The Association of American Medical Colleges’ latest report from 2019 shows that diversity among medical school applicants, students and graduates has continued to grow. However, gains in diversity are not shared by all groups: application, entry and graduation rates for Black or African American students still lag behind.
Matamoro-Mejias hopes to add to the actual total count of 830 Black males under 34 years old practicing medicine in the U.S. right now, compared to 12,125 white men under 34 practicing.
In 2015, Black students weren’t coming to Lewis for pre-med advising, although he identified at least 100 at the time. His concerted efforts, though, encouraged many of those students to visit with him for clear information on the requirements for the rigorous and admittedly intimidating pre-med track. Lewis, who until recently served as the director of recruitment and training for the VCU College of Health Professions, said this year he saw the successful effect of his efforts, now that Black Men in Medicine is an official student-led organization. Students he had reached out to years ago are now in medical school and speaking on panels that inspire students such as Matamoro-Mejias. Black Men in Medicine members support each other as study partners and go as a group on medical school tours.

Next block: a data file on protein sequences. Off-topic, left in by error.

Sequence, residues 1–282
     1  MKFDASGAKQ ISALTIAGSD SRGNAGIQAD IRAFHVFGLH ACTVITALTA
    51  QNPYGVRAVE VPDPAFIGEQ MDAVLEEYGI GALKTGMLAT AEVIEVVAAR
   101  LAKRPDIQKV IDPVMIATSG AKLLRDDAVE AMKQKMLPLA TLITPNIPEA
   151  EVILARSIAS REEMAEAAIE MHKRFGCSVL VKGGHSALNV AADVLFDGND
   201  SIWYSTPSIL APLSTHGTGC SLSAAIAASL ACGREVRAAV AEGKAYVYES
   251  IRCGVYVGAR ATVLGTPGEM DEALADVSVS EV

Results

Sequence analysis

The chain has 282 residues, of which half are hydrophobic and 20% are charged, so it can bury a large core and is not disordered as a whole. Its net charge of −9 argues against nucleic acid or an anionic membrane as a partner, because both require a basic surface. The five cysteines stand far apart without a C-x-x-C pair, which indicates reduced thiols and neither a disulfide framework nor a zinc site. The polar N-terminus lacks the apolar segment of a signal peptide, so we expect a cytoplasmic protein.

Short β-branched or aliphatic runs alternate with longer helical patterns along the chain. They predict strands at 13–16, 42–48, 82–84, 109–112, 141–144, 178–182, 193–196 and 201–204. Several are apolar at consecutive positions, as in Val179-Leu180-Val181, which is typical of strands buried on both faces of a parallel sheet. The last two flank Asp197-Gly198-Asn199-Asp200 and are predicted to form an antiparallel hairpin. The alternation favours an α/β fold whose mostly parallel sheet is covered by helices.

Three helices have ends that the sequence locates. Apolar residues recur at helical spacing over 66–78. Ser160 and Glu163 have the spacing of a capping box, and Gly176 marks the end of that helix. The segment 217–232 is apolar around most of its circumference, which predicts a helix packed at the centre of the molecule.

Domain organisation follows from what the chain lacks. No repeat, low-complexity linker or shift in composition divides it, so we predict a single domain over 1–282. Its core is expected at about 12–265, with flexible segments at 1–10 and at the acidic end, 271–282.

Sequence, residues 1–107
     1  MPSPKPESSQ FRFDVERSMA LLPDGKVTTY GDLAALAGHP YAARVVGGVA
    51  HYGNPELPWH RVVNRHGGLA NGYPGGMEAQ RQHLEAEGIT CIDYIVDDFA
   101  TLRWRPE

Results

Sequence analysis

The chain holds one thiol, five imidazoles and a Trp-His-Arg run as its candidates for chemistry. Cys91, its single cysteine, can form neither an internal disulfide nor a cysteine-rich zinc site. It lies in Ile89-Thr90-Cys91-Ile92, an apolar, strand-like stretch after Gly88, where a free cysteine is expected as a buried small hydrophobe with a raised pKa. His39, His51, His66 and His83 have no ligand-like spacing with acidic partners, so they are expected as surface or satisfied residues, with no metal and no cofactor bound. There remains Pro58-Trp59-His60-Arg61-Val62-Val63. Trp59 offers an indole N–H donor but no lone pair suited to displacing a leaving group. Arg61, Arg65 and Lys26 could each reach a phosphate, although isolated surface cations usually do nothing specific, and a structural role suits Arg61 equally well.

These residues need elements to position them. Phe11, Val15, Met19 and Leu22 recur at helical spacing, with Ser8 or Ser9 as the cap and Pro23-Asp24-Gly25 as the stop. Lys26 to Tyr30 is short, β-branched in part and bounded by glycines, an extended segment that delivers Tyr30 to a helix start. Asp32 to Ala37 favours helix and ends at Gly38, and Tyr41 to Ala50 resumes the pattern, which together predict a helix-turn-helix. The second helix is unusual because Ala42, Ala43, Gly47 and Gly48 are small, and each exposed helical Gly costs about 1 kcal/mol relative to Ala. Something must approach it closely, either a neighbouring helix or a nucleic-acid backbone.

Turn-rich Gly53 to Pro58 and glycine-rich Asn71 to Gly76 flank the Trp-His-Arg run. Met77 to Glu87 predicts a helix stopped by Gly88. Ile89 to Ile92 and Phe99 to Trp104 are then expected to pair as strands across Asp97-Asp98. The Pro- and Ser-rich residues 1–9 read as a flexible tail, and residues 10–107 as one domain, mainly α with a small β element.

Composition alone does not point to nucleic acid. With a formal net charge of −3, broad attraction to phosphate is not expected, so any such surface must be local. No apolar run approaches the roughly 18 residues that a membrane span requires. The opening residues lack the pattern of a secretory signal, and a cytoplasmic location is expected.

“We wanted them to work together to become doctors,” Lewis said. “Serving on the executive board gives this group the leadership experience, the teamwork experience. It shows that they're truly invested in their future in medicine.”henry lewis [View Image]Former VCU pre-med adviser Henry Lewis started Black Men in Medicine in 2016 to make a concerted effort to reach out to, and support, a population underrepresented in the field. (Julia Rendleman, University Marketing)
“I think one of the biggest obstacles [for Black men to enter medicine] is really the exposure part of it,” said Mohammed Al-meflehi, co-president of Black Men in Medicine and a chemistry major in the College of Humanities and Sciences.
“A lot of people come from backgrounds where they probably don't know a Black physician or nobody in their family has been to college,” Al-meflehi said. “[There are] barriers that prevent them from that kind of exposure. One of the things that we try to do is provide that exposure to [the approximately 40 members].”